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The Oldsmobile Firenza was a compact car produced by the Oldsmobile division of General Motors from 1982 to 1988. It was based on the front-wheel drive GM J platform, which was shared with the Buick Skyhawk, Cadillac Cimarron, Chevrolet Cavalier and Pontiac Sunbird. It was not based on the European market Vauxhall Firenza, but on the same platform that the Vauxhall Cavalier mk 2 / Opel Ascona C.

Overview

The all-new Firenza was introduced in March 1982, as replacement for the departed rear-wheel drive Starfire. Initially available as a 3-door hatchback and 4-door sedan, the lineup was expanded to include a 4-door "Cruiser" wagon in 1983, and a 2-door notchback coupe in 1986. The name "Cruiser" was applied to all Oldsmobile station wagons at the time; this included the mid-size Cutlass Cruiser and full-size Custom Cruiser. The Firenza was positioned as Oldsmobile's entry-level compact car, priced below the sightly larger Omega and later Calais/Cutlass Calais. Despite this, the Firenza could be equipped with premium options such as power windows, power locks, and 14-inch alloy wheels.

Although closely related to its J-body siblings, the Oldsmobile Firenza was differentiated by its distinctively Oldsmobile front and rear end styling. The upper portion of the Firenza front end featured quad rectangular headlights separated by signal lights in recessed housings, with a sloped body-color panel between the recesses. A horizontal-barred grille was mounted in the lower portion of the front fascia. The rear featured nearly square taillights with a slight wraparound at the outboard ends of the upper rear panel. This styling was further enhanced for Firenza's last model year, 1988, when it received a new open grille, sealed-beam composite headlamps, and tail lights, styled after those of the Cutlass Ciera.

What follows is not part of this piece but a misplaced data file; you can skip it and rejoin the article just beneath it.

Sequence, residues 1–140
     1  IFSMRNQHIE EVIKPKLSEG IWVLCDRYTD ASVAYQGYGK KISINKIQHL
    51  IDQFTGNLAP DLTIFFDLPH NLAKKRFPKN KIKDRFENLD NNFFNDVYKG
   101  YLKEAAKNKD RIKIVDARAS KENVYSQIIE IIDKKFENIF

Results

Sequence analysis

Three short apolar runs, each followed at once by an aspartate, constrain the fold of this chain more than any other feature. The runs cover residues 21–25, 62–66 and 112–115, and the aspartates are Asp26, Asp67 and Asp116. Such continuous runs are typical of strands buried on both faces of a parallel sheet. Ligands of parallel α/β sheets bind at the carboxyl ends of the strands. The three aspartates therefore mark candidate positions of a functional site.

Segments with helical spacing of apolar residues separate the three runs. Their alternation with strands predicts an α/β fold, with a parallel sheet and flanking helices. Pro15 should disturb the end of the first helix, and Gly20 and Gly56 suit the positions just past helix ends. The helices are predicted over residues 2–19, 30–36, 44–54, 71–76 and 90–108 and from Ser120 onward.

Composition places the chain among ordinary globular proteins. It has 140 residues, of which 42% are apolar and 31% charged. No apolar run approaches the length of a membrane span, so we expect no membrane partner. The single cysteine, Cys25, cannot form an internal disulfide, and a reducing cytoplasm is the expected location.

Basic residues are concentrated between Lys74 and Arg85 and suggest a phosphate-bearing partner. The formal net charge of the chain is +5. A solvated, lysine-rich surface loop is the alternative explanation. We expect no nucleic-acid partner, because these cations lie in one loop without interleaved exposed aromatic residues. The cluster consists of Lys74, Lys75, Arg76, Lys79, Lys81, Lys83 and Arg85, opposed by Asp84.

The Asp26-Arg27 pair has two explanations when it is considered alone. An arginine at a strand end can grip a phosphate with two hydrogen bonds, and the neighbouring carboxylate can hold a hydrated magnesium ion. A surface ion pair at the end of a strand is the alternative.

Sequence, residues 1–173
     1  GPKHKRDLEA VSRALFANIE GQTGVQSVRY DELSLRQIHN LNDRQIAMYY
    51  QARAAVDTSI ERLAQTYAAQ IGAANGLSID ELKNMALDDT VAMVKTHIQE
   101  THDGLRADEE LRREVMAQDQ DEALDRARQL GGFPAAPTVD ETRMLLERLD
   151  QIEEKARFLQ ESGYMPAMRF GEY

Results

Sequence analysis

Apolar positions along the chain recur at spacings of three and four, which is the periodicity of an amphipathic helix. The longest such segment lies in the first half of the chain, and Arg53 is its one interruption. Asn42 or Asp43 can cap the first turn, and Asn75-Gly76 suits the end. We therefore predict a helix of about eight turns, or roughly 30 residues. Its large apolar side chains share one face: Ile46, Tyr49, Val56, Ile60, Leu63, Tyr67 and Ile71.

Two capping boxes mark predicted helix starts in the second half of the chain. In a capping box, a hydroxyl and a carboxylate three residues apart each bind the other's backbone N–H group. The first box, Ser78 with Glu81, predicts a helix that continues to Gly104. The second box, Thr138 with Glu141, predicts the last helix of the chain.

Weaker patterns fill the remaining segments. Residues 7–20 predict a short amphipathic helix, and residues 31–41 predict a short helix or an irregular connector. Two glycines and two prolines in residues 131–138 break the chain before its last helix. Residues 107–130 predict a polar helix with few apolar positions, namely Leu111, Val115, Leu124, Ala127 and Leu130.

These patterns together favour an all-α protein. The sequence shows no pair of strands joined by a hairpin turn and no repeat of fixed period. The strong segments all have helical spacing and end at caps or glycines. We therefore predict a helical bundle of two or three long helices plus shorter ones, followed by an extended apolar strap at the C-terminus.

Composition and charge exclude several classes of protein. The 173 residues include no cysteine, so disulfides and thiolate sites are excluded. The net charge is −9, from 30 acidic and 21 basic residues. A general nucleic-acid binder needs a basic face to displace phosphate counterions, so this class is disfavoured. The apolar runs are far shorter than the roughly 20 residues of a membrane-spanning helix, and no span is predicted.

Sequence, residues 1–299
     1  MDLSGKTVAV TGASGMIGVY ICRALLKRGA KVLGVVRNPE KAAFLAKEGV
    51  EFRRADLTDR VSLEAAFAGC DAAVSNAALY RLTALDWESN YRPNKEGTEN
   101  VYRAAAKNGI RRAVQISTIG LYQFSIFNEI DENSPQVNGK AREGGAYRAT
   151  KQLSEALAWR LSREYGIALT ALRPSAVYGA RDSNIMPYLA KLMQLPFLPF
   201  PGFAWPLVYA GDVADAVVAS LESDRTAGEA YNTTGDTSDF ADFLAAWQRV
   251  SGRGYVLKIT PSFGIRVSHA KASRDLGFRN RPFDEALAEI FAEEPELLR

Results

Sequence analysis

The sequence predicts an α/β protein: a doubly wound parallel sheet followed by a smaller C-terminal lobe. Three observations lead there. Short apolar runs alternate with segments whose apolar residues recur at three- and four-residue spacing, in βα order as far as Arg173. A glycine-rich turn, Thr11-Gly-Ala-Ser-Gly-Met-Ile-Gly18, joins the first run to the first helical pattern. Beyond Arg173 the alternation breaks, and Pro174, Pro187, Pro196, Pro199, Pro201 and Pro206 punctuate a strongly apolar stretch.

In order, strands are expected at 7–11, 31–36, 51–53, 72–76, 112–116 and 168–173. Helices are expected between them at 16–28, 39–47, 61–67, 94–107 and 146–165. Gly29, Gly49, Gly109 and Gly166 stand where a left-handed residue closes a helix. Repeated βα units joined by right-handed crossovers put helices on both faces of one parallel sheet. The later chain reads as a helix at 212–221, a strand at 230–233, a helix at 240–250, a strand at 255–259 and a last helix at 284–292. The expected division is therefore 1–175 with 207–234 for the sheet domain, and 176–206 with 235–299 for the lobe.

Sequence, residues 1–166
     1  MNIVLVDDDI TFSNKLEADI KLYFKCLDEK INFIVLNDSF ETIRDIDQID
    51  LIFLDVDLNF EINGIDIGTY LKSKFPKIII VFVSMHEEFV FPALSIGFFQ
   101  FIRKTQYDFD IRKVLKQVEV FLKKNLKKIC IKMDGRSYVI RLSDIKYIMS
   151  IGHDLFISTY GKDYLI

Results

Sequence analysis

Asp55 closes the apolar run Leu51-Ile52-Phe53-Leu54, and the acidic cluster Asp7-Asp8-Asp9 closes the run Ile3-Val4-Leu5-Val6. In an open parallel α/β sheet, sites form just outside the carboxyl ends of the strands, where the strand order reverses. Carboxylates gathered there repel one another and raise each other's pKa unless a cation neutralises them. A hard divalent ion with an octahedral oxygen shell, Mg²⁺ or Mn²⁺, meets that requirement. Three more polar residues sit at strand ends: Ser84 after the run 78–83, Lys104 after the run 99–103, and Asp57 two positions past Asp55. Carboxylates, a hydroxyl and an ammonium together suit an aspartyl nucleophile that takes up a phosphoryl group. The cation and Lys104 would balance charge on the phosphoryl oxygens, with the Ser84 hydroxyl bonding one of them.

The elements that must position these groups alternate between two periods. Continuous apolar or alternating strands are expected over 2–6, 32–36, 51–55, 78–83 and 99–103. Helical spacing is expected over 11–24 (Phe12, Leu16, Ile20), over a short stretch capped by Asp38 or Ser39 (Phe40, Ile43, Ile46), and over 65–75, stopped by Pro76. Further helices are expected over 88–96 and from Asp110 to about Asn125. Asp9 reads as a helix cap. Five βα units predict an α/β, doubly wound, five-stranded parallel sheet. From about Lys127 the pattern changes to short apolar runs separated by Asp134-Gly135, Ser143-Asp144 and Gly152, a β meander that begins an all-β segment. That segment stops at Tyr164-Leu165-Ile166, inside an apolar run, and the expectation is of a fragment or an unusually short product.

Firenza was launched with a 2.0-liter pushrod inline four-cylinder engine as the sole powerplant, but an overhead-cam 1.8-liter engine was added during the model year. Wraparound amber turn signal lights were added immediately outboard of the headlights for 1984. In 1985 the 2.8 L LB6 V6 was added as an option, as well as a new GT package. The GT, with the V6 standard, became a separate trim level for 1986. For Firenza's final year, the hatchback coupe was dropped along with the V6, leaving just the four-cylinder notchback coupe, sedan, and wagon models. Also for 1988, all previous trim level designations were dropped. All Firenza bodystyles came in a single unnamed base model that could be equipped with six various option packages.

The Firenza was never a strong seller for Oldsmobile. In keeping with its premium image, Oldsmobile always had better luck selling larger, better equipped cars, most notably its wide range of Cutlass models. The 1980s were no exception to this. Also to blame was competition from its rebadged J-body siblings. Sales of the Cavalier and Sunbird annually dwarfed Firenzas, as they better fit into Chevrolet and Pontiac's value-oriented brand portfolios. Due to this, the Firenza was not replaced in Oldsmobile's lineup, leaving the Cutlass Calais as the division's smallest car. The Cimarron was discontinued that year as well. Leeds Assembly, which built the Firenza, was closed. The Skyhawk lasted another year, while GM kept the first-generation Sunbird and Cavalier in production until 1994.

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